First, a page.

World’s 57 million school drop-outs are in Africa

This year’s figures of the United Nations
Educational Scientific and Cultural
Organization (UNESCO) Institute of Statistics
indicate that more than half of the world’s 57
million out of school children are in Africa.

Acoording to the Institure, the continent is
also home of about 160 million illiterate
adults, Mr Limbani Nsapato, Policy and
Advocacy Manager and Regional Coordinator
for Africa Network Campaign on Education
For All (ANCEFA) stated this in Accra on

He noted that in sub-Saharan Africa alone,
about 10 million boys and girls also dropped
out of school.

Quoting the UNESCO statistics at the opening
of a two-day Regional Civil Society Workshop
for Education Financing in Africa, Mr Nsapato
said around 12.5 million out of the 27.5
million children were denied access to
education due to conflicts in Africa.
Participants at the workshop, jointly organized
by ANCEFA, IBIS, TJN-Africa and Ghana
National Education Campaign Coalition
(GNECC) would discuss findings of desk
research on Education For All (EFA) status,
and formulate advocacy strategies that seek
to accelerate EFA’s progress at improving
domestic financing through taxation in Africa.

They would come up with a road map for
advocacy for increased domestic financing,
especially through better tax administration
in Africa.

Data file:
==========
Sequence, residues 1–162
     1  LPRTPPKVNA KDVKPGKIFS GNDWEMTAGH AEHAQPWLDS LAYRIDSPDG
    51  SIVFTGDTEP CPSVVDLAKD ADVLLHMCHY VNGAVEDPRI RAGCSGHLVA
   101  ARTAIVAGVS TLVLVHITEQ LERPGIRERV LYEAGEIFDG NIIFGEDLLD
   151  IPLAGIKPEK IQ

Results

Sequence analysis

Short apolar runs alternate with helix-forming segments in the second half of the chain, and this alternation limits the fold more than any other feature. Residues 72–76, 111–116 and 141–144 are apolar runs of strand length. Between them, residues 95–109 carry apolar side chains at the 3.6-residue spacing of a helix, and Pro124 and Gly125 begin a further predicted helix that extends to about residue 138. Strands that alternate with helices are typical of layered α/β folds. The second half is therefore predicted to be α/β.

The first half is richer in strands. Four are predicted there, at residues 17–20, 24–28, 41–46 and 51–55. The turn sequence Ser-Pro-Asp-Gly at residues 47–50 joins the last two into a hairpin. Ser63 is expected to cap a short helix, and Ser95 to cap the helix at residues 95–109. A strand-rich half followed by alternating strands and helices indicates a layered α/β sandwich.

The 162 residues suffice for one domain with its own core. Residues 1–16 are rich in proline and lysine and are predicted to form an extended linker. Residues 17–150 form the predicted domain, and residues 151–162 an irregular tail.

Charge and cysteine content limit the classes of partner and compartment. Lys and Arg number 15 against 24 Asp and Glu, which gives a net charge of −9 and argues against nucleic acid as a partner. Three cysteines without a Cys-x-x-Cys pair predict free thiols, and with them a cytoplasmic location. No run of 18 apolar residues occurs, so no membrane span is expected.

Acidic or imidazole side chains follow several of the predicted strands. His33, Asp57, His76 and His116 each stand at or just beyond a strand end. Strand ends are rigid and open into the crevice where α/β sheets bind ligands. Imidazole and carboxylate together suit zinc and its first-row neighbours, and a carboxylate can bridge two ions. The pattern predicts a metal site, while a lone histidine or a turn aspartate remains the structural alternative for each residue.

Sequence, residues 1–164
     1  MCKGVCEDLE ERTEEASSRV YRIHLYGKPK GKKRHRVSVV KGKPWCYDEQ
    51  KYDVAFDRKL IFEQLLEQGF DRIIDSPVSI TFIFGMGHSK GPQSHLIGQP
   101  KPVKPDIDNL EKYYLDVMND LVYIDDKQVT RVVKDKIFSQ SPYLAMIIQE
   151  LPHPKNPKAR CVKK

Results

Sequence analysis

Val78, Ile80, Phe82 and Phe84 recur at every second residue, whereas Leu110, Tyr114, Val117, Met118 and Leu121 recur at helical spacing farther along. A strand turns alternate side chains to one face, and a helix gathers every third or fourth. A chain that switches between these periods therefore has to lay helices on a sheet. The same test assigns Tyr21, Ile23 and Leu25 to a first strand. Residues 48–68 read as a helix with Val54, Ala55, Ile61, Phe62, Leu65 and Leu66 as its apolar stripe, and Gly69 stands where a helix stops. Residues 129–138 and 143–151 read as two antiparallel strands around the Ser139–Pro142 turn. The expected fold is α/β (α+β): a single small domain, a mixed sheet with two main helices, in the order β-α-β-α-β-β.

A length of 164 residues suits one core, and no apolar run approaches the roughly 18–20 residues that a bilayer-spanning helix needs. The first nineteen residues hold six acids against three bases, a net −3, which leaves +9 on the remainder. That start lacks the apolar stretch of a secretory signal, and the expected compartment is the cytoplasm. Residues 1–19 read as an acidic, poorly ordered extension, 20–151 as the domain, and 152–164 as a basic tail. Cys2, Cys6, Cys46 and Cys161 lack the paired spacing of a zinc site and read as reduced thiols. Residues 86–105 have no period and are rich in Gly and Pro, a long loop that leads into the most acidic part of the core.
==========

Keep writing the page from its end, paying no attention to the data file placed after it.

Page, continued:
Mr Chals Wontewe, Country Director, IBIS,
commended Ghana for having made
significant improvements in making education
accessible to people.

Mr Wontewe, however, said the country was
still far from achieving the objective of
making education accessible to everyone, and
giving everyone quality education.

He said efforts to improve both access and
quality education in Africa had been very
challenging, as assistance to Africa has
declined in recent times.
Mr Wontewe urged the participants to work
together across sectors so that collectively
they could influence increased resource
mobilisation in support of education

Mr Leslie Tettey, National Co-ordinator
GNECC said the collaboration between
ANCEFA, IBIS, TJN-Africa and GNECC would
basically look at advocacy strategies that Civil
Societies could employ, to ensure Africa’s
education was on course, as far as taxation
was concerned.

“Taxation is seen as a major source of
domestic financing for development and we
hope to use that as a tool to improve
education in Africa”, he added.

Mr Johannes Chiminya, out-going Research
Officer TJN-Africa, said taxation was the only
visible way of financing education.

He noted that in order to exploit taxation as
a sustainable source of financing quality
education, there was the need for
stakeholders, and more especially Civil
Society Organizations, to advocate improved
tax administration in their respective
countries. GNA

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